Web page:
Counsel for defendants in an antitrust case must pay thousands of dollars as a sanction for filing a motion for attorneys’ fees without a legal or factual basis, a federal court in North Carolina ruled.
Attorneys Steven W. Shaw in Mapleton, Utah, and John David Matheny II in Mooresville, N.C., filed the motion on behalf of two separate groups of defendants five months after a jury ruled for the plaintiffs, who alleged their homes were bought at foreclosure in a bid-rigging scheme.
The attorneys sought fees for time spent on limited aspects of the case where they claimed their clients prevailed, namely the dismissal of some defendants from the case before trial and the defeat of class certification.
The attorneys violated Rule 11(b)(2) and 11(b)(3) of the Federal Rules of Civil Procedure because the motion “was unsupported in law and fact and unreasonable under the circumstances,” Judge Catherine C. Eagles of the US District Court for the Middle District of North Carolina ruled Thursday.
- The attorneys “improperly asked for approximately $250,000 in attorney’s fees without citing to any legal authority or material evidence,” Eagles said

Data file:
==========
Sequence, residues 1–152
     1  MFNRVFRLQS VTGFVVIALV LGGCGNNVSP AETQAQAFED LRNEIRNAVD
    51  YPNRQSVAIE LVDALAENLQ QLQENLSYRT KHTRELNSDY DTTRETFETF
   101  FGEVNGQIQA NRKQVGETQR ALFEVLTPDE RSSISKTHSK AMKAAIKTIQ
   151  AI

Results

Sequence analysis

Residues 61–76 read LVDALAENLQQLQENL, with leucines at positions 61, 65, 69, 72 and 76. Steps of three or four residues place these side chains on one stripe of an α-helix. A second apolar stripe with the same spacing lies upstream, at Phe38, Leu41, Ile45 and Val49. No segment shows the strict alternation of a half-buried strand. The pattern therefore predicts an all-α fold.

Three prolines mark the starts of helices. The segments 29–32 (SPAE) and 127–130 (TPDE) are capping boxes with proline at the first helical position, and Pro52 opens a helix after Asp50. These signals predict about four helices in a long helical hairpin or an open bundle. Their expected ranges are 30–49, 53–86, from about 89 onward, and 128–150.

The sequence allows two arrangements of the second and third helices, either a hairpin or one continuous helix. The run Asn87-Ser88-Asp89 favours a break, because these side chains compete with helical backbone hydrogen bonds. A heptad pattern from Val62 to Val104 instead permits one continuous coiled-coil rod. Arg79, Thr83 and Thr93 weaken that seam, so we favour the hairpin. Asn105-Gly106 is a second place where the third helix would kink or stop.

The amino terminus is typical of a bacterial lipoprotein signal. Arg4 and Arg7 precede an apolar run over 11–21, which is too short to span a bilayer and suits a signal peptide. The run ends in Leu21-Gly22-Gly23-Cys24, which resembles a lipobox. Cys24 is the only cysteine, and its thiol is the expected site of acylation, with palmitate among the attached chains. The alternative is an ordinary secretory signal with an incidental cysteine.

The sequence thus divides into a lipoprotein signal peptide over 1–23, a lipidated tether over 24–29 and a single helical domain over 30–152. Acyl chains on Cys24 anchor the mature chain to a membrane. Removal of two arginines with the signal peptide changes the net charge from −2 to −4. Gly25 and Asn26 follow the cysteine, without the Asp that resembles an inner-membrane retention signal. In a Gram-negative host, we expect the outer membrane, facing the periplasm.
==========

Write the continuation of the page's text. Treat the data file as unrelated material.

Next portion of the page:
- The court ordered Matheny, who asserts Shaw drafted and filed the document and electronically appended his signature to the motion without his knowledge, to pay $2,500
- Eagles ordered Shaw to pay $25,000 as “necessary and appropriate to deter similar activity by other attorneys,” and to reimburse plaintiffs’ attorney’s fees of $3,640 caused by the misconduct
- The court also sanctioned defendant Craig Brooksby as “the litigant running the show,” and ordered that he observe six days of court proceedings, “which should end up being roughly triple the time spent by plaintiffs’ counsel,” responding to the motion for attorney’s fees
J.C. White Law Group PLLC and Blue LLP represented the plaintiffs.
The case is Williams v. Estates LLC, 2023 BL 95803, M.D.N.C., No. 19-cv-1076, 3/23/23.
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